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Albert Fred "Red" Schoendienst (; February 2, 1923 – June 6, 2018) was an American professional baseball second baseman, coach, and manager in Major League Baseball (MLB), and is largely known for his coaching, managing, and playing years with the St. Louis Cardinals. He played for 19 years with the St. Louis Cardinals (1945–1956, 1961–1963), New York Giants (1956–1957) and Milwaukee Braves (1957–1960), and was named to 10 All Star teams. He then managed the Cardinals from 1965 through 1976 – the second-longest managerial tenure in the team's history (behind Tony La Russa). Under his direction, St. Louis won the 1967 and 1968 National League pennants and the 1967 World Series, and he was named National League Manager of the Year in 1967 and 1968. He was elected to the Baseball Hall of Fame

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  • Red Schoendienst
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  • Albert Fred "Red" Schoendienst (; February 2, 1923 – June 6, 2018) was an American professional baseball second baseman, coach, and manager in Major League Baseball (MLB), and is largely known for his coaching, managing, and playing years with the St. Louis Cardinals. He played for 19 years with the St. Louis Cardinals (1945–1956, 1961–1963), New York Giants (1956–1957) and Milwaukee Braves (1957–1960), and was named to 10 All Star teams. He then managed the Cardinals from 1965 through 1976 – the second-longest managerial tenure in the team's history (behind Tony La Russa). Under his direction, St. Louis won the 1967 and 1968 National League pennants and the 1967 World Series, and he was named National League Manager of the Year in 1967 and 1968. He was elected to the Baseball Hall of Fame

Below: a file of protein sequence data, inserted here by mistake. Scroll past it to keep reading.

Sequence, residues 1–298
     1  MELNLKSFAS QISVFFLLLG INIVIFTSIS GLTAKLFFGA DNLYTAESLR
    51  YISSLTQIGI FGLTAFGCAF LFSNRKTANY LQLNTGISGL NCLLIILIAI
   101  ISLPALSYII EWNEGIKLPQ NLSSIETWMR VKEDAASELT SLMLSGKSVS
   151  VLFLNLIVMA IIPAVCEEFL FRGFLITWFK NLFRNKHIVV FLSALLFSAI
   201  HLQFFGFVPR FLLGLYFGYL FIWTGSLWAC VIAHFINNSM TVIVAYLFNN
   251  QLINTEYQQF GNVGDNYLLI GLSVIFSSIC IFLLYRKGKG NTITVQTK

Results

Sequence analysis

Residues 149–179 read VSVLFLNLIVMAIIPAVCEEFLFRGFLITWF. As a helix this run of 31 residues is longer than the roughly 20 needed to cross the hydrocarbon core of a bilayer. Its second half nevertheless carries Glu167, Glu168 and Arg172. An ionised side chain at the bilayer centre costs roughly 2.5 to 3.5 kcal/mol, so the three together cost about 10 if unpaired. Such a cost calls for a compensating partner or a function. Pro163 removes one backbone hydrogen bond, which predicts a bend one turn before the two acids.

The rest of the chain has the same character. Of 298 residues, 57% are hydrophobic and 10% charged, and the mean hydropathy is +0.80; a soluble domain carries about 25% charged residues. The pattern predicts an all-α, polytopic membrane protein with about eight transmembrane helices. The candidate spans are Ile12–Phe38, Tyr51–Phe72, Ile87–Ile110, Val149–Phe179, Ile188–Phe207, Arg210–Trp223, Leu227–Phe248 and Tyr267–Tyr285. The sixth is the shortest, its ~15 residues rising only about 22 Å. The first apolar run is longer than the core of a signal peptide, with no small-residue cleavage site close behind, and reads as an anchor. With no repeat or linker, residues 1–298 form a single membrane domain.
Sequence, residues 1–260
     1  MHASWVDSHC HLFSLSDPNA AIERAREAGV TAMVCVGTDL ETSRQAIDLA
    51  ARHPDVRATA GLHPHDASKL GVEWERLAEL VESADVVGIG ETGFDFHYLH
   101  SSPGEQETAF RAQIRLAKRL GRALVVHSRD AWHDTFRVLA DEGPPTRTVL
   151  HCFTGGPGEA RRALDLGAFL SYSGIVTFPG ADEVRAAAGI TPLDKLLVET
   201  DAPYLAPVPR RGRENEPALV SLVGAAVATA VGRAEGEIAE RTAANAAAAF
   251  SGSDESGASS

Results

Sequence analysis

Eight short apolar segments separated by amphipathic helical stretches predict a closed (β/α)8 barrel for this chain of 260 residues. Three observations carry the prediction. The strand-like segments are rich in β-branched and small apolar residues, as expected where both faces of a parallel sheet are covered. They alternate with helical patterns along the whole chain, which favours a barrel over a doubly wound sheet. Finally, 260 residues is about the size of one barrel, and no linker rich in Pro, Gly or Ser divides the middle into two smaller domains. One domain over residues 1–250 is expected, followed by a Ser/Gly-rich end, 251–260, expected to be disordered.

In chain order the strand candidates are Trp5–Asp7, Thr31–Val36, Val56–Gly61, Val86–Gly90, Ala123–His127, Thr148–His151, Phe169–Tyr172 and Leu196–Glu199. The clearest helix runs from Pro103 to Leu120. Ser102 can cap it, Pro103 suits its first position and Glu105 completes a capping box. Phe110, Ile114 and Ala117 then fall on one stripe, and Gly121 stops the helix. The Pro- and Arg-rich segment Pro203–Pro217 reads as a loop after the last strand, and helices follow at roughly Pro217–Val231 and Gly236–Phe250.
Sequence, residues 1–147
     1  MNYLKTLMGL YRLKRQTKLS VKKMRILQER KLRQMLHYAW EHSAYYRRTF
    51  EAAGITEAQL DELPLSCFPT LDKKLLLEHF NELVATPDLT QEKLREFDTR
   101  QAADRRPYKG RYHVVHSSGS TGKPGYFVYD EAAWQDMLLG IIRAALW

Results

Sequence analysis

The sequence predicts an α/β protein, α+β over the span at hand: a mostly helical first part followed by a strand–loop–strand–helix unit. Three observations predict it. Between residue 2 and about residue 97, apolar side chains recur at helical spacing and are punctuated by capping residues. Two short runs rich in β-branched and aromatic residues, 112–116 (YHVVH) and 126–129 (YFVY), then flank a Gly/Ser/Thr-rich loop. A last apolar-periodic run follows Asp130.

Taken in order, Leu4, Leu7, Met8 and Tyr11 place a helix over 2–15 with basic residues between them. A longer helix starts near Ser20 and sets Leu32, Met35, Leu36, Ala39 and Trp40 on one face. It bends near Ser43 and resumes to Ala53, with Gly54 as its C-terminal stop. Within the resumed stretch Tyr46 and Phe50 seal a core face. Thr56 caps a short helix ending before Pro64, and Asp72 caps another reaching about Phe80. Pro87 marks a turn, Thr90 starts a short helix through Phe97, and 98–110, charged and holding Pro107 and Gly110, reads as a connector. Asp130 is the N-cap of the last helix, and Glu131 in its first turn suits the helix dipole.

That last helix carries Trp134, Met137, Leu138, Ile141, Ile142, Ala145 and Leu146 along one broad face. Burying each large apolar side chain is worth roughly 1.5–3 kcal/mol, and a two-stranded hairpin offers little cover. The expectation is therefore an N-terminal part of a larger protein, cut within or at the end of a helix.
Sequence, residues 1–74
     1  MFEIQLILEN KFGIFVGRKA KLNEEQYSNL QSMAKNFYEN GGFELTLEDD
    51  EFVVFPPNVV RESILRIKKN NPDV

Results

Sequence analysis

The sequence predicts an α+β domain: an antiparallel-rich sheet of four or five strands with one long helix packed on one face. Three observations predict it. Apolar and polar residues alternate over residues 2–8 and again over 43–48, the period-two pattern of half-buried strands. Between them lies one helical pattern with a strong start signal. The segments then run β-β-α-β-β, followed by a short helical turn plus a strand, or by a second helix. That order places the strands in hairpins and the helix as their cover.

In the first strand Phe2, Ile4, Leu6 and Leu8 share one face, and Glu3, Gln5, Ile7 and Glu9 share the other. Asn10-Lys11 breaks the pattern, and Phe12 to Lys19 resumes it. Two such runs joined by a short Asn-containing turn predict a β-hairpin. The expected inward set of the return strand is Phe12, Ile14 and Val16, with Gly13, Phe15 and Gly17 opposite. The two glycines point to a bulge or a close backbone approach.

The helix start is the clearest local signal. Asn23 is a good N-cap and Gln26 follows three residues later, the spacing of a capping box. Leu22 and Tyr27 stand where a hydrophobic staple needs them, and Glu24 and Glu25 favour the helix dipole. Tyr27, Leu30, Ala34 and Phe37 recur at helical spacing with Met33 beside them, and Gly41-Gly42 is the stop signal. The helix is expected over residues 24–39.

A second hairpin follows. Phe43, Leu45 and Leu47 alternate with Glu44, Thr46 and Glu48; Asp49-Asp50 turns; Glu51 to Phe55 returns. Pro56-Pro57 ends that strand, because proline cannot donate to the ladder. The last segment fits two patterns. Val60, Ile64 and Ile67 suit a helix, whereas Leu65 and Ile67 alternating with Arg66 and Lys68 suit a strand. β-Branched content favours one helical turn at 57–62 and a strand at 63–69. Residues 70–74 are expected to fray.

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  • Red Schoendienst
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  • Albert Fred "Red" Schoendienst (; February 2, 1923 – June 6, 2018) was an American professional baseball second baseman, coach, and manager in Major League Baseball (MLB), and is largely known for his coaching, managing, and playing years with the St. Louis Cardinals. He played for 19 years with the St. Louis Cardinals (1945–1956, 1961–1963), New York Giants (1956–1957) and Milwaukee Braves (1957–1960), and was named to 10 All Star teams. He then managed the Cardinals from 1965 through 1976 – the second-longest managerial tenure in the team's history (behind Tony La Russa). Under his direction, St. Louis won the 1967 and 1968 National League pennants and the 1967 World Series, and he was named National League Manager of the Year in 1967 and 1968. He was elected to the Baseball Hall of Fame in 1989. At the time of his death, he had worn a Major League uniform for 74 consecutive years as a player, coach, or manager, and had served 67 of his 76 years in baseball with the Cardinals.
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